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Lane Kiffin refuses to stay out of the news

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I really thought (and hoped) that my last coaching update would be the last time I had to talk about Lane Kiffin for a few months.  At least until next season.  Heck, at least until the draft.

It lasted 24 days.   Not even a full month. 

Of course, what I’m referring to is the news that Lane Kiffin got a 13 year-old kid to verbally commit to USC.   That’s right – a kid who hasn’t even committed to high school or taking the SAT or driving a car has verbally committed to play football for the Trojans.

As if I needed another reason to think Kiffin is a creepy attention monger, now he’s pulling yet another media stunt by courting a child.  Not even a high school kid.  A child whose main concern should still be trying to figure out which deodorant works best for him.

Ronnie “Sunshine” Bass…no, wait – this report says it’s David Sills – is a middle school football phenom from Delaware who has been personally groomed by the same personal trainer/USC pipeliner that trained Matt Leinart and Matt Barkley, according to ESPN.com.

Sills’s father was surprised at the amount of criticism that he, Kiffin and the trainer (Steve Clarkson) have received, even though he acknowledged that he thought it was weird.

“Even when I sit back and reflect on it, it’s shocking, weird, bizarre, you name it,” said Sills’ father to ESPN.com.

Did you realize this only in retrospect, or did you realize that before you did it and say, “I’m willing to let my son be in a weird situation if it means getting paid someday.”

He went on to say, “The rules are the rules and as long as you abide by the rules then you abide by the rules….”

Has he not watched ESPN in the last year?  He really doesn’t want to get into a rules discussion when Kiffin is involved.  That’s a very iffy area.

“If people don’t like this they don’t need to get mad about it and bash the dad and bash the coach and bash the kid…”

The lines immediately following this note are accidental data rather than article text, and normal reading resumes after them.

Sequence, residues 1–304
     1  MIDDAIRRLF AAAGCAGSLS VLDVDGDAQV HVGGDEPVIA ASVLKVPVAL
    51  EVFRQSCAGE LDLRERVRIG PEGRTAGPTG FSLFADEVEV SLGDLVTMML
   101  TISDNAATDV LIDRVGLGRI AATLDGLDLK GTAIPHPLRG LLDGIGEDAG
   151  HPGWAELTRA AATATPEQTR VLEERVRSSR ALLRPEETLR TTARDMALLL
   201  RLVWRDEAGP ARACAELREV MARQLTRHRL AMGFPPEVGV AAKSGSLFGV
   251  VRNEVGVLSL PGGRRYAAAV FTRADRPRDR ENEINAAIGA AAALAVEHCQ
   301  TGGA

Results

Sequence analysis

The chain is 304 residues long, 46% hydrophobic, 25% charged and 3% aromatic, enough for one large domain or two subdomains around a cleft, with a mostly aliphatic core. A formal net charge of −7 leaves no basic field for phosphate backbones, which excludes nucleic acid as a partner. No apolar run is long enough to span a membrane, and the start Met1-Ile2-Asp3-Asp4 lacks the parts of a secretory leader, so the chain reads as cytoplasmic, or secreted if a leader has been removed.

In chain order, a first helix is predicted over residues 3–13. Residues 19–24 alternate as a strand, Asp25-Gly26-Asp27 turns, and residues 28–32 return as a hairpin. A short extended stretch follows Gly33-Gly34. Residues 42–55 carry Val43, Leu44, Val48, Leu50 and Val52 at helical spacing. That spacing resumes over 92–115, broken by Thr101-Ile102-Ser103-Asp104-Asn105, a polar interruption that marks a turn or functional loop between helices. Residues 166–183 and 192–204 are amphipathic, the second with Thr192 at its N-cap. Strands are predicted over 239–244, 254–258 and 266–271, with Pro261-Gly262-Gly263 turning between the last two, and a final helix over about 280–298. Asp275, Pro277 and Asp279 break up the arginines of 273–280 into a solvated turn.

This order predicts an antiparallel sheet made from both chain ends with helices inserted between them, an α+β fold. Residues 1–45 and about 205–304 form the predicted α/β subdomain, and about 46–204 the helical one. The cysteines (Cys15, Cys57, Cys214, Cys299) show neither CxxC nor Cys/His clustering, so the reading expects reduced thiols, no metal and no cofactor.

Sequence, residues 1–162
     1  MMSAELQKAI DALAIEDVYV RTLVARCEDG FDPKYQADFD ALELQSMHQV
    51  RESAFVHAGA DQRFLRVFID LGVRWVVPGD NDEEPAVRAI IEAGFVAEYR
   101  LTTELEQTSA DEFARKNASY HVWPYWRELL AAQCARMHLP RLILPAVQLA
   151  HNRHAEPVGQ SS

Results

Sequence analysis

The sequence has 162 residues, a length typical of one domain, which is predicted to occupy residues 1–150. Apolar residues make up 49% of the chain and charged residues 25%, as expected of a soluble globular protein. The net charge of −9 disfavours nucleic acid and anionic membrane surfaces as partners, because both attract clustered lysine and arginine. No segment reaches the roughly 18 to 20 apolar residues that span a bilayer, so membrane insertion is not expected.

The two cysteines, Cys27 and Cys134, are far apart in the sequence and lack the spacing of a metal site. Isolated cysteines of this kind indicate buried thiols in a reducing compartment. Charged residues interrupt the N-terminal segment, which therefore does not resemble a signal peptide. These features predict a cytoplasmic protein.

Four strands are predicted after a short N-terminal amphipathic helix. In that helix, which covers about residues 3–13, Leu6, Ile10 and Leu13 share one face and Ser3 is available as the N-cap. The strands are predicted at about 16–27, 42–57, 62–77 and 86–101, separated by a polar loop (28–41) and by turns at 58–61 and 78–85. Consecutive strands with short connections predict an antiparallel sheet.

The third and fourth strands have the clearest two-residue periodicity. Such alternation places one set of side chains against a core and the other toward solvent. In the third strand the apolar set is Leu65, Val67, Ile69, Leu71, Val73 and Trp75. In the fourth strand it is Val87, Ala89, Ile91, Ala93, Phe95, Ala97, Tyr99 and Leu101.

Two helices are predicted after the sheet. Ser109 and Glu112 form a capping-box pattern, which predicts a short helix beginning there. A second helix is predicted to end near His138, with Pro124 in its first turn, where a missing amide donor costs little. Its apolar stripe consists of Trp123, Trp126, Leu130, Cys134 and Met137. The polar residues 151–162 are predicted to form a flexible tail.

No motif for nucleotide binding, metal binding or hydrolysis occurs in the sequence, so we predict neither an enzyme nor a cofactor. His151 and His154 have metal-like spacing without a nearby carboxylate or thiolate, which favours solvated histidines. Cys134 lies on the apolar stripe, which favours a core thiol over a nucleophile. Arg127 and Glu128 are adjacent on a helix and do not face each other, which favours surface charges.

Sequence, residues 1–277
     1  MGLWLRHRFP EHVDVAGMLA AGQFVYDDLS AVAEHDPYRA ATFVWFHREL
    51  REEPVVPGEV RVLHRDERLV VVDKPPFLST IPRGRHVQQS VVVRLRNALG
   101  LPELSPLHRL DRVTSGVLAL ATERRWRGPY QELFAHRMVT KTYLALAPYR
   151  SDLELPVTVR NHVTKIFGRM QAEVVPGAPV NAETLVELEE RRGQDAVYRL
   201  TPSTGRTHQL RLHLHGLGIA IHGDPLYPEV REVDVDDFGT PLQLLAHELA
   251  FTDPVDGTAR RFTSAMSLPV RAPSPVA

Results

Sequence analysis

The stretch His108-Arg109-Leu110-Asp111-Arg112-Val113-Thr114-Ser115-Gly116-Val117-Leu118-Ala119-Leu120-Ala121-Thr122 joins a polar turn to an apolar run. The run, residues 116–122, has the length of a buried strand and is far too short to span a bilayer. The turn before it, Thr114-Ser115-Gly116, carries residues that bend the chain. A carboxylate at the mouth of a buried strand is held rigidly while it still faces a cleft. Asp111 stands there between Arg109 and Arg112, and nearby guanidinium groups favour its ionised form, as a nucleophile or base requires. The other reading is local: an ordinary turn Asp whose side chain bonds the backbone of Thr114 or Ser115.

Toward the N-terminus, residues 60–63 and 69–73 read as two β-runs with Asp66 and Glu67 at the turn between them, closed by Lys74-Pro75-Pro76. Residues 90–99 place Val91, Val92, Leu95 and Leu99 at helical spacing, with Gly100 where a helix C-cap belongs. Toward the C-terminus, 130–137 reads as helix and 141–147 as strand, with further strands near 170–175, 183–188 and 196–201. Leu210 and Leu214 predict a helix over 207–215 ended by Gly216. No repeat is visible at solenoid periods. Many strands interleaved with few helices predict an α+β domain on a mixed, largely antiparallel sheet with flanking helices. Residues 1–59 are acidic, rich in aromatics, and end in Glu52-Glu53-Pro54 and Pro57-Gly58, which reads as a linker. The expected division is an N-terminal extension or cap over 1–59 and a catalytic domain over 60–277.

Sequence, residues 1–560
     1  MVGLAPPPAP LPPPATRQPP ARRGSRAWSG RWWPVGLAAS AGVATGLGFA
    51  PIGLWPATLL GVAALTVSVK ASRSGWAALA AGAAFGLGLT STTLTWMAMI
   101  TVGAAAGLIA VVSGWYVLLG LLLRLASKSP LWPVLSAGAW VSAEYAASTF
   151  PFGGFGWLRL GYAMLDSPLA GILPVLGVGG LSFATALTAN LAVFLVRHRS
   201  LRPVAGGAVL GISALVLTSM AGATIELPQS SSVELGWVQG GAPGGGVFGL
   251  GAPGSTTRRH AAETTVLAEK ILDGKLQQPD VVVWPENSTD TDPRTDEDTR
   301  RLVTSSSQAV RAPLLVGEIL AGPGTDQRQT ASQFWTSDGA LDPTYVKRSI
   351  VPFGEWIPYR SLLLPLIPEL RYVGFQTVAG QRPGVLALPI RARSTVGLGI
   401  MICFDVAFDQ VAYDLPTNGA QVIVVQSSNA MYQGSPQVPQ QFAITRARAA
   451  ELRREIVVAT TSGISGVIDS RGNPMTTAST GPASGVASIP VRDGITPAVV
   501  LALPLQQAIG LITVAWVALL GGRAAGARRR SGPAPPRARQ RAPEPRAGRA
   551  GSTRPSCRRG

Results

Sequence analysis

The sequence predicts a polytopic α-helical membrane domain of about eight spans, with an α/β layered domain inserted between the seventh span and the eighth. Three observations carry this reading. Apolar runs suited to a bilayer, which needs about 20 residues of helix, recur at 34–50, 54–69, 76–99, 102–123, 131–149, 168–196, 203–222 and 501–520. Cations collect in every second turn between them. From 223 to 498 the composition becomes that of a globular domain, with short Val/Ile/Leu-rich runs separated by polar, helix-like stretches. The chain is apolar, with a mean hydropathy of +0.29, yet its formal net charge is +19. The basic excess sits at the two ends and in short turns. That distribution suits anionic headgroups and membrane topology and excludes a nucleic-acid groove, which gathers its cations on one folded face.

Nobody is bashing the kid, and I think it’s pathetic when people hide behind the kid when people aren’t bashing the kids, but the adults who are using them.

“They should call up the NCAA and tell them that they don’t like the rules.”

Again, nice deflection, but there is no shortage of people telling the NCAA they don’t like their rules.  Even the US Justice Department is getting in on the act as it ramps up for an investigation into the BCS

But, this isn’t about the rules.  This is about people who are, as Michael Wilbon put it on Pardon The Interruption yesterday, out pimping their kids.  People aren’t really concerned about the letter of the law at the moment.

To be fair, Tony Kornheiser also pointed out on PTI that this is hardly new.  Jim Caldwell, who appears to know a thing or two about winning, got a 13 year-old Chris Leak to commit to Wake Forest when he was coaching there.  That’s just to be fair.  Still doesn’t make it any less creepy.

“For the people that don’t like kids getting recruited early, if it was their kid, what would they do?” Sills’s father asked ESPN.com.  “Would they hold them back?”

No.  And there is no delusion here that recruiting starts when kids are seniors in high school.  Scouting starts absurdly early.  It’s how we knew about LeBron James and O.J. Mayo when they were also just kids, just to name two of myriads of kids.  But there is a far cry between scouting and recruiting with intent to come to a verbal committment.  Meeting with a kid and making a verbal committment isn’t even close to the same thing as just keeping an eye on a kid who shows real promise.

This is merely the latest in a constantly growing portfolio of shady activity by Kiffin.  It’s the reason I questions USC’s hiring in the first place, and it’s the reason I continue to be completely unsurprised by stories like this.  I think it’s time for grown ups to start acting like grown ups and treating kids like the kids they are rather than as things to be used for their gain.

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Written by Austin Swafford

February 6, 2010 at 9:48 am

Posted in Commentary

2 Responses

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  1. Parents really should protect their children for unscrupulous coaches but unfortunately some parents don’t have the integrity or possibly the intelligence necessary. The NCAA has to step in to protect these children.

    Pam

    February 8, 2010 at 10:25 am

    • I agree. They have all kinds of rules about when they can talk to high school kids and what they can do to recruit them. I would think the restrictions would be even tighter on kids who aren’t in high school yet. Maybe this story will help bring about some reform of the system.

      Austin Swafford

      February 8, 2010 at 10:40 am


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